Posted On:
Wednesday, April 18, 2018
Updated On:
Tuesday, July 18, 2023

Coach Tip Tuesday: RPE Should be King

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It’s already that time again…Coach Tip Tuesday!

This week I’m going to be suggesting that you all do something that will make at least half of you quake with fear.  I’m going to tell you to ditch the Garmin.

Now, I’m not telling you to *actually* toss your device out the window.  But, what I am suggesting is that you ditch the Garmin (or app, or tracking device, etc.) for some workouts.  Data is WONDERFUL.  It’s an important piece of the puzzle when I’m coaching an athlete, and I like to see their data regularly.  As an athlete myself, I personally love my Garmin devices and feel that they have helped make me a better athlete.  But, it’s not actually the devices themselves that have done that.  It’s what these devices have done to teach ME about MYSELF that has made me a better athlete.

I say it frequently: RPE (Rating of Perceived Exertion) should be king. If you are willing to listen to your body, RPE will NEVER steer you wrong. This is different from technological devices, which can fail. Your battery can die, the device might not find satellites, it might not pair with your accessories. What happens when this happens? Do you skip your workout or cut it short? More than one athlete who I have worked for has admitted to at least considering doing this, even if they haven’t actually done it. To this type of thinking, I present this question: Does your Garmin tell you whether you’re an athlete or not? Or, is it you who makes that determination? Workouts DO count even if they aren’t recorded on some sort of app or device.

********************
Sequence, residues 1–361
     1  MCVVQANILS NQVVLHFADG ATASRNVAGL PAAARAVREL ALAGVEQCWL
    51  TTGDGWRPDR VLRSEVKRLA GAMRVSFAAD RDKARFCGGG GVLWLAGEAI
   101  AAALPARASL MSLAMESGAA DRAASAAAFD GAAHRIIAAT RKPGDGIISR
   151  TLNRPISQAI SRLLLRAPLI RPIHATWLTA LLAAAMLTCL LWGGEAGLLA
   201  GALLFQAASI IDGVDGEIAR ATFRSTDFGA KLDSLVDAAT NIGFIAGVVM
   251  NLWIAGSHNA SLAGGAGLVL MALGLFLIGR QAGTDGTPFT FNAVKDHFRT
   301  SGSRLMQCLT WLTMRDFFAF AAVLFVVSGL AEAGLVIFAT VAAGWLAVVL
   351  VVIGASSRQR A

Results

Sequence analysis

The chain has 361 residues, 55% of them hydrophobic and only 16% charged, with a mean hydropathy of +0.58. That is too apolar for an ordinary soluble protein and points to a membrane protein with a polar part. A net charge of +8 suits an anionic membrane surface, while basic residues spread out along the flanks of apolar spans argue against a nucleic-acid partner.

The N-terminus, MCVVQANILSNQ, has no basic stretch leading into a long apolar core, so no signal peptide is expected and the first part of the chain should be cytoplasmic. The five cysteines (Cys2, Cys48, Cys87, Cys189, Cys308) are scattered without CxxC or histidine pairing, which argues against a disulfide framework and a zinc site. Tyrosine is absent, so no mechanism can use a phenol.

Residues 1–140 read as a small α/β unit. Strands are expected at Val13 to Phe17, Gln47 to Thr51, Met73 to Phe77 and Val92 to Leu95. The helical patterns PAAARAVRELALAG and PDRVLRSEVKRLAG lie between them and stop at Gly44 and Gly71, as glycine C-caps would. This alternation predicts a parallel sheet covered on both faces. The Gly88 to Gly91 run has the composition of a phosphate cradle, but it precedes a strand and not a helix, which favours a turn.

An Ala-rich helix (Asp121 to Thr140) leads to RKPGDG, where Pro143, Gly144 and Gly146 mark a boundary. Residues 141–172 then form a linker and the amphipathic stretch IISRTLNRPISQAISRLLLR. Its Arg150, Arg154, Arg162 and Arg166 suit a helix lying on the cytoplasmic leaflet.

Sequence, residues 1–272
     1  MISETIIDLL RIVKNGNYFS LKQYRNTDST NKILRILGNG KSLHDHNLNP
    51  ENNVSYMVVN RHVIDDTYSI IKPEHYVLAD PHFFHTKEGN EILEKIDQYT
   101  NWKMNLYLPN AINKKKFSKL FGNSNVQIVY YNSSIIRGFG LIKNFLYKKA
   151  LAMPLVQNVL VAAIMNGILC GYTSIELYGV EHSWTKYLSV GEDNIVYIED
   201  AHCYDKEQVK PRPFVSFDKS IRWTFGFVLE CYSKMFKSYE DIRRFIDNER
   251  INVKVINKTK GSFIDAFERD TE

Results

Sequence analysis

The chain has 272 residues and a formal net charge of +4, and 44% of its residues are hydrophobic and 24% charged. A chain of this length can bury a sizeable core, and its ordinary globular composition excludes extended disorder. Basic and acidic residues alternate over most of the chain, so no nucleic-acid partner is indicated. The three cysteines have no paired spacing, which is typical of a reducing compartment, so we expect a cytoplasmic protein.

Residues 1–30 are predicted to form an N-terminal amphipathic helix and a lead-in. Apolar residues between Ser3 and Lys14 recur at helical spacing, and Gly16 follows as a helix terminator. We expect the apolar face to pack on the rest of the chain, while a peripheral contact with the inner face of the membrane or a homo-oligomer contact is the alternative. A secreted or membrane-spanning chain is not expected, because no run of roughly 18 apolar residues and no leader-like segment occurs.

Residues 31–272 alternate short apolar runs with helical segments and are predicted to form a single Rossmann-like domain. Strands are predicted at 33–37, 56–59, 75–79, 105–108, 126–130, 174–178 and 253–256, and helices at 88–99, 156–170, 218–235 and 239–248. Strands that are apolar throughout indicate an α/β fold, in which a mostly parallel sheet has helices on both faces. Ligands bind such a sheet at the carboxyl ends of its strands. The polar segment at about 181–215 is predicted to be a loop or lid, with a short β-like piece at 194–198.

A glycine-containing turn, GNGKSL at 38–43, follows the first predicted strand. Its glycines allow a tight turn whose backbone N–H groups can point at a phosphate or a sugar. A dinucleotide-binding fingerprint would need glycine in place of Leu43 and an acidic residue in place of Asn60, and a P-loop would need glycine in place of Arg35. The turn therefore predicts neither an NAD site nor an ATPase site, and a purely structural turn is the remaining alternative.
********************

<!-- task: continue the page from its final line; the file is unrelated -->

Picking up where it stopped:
I have also said in the past that Coach Garmin is my biggest and toughest competition, and I believe that this still holds true. I have watched many, many athletes obsess over their data and wonder what it means, if they were working too hard, etc. I always follow up expressions of concern over this with this question: How did you FEEL?

Data such as heart rate, power, stroke rate, and cadence are great tools to help teach you what a given RPE feels like.  Learning what your maximum heart rate is (and it is different for every athlete...don’t go off of the factory defaults in your device or some quick online calculator) allows you to learn what it feels like to work within aerobic and anaerobic ranges and how long you can sustain those efforts.  If you learn to train within certain zones, you can learn what those zones feel like so that you can go off of how your body is responding to a particular day and environment.

In the end, I want to encourage you all not to become slaves to devices that are spitting out numbers at you.  You don’t need a Garmin to tell you how hard you’re working; if you listen, you’ll be able to feel it.  Get to know yourself.  Let RPE be king, and let devices and apps become supporting characters.  You’ll be a much smarter and stronger athlete for it.


Coach Laura Henry

Laura Henry is a Syracuse, NY-based coach who is a USA Triathlon Level II Long Course and Level II Paratriathlon Certified Coach, USA Cycling Level 2 Certified Coach, VFS Certified Bike Fitter, and has successfully completed NASM's Certified Personal Trainer course. Coach Laura is passionate about helping athletes of all ability levels reach their goals and has coached many athletes to success.

She can be reached at

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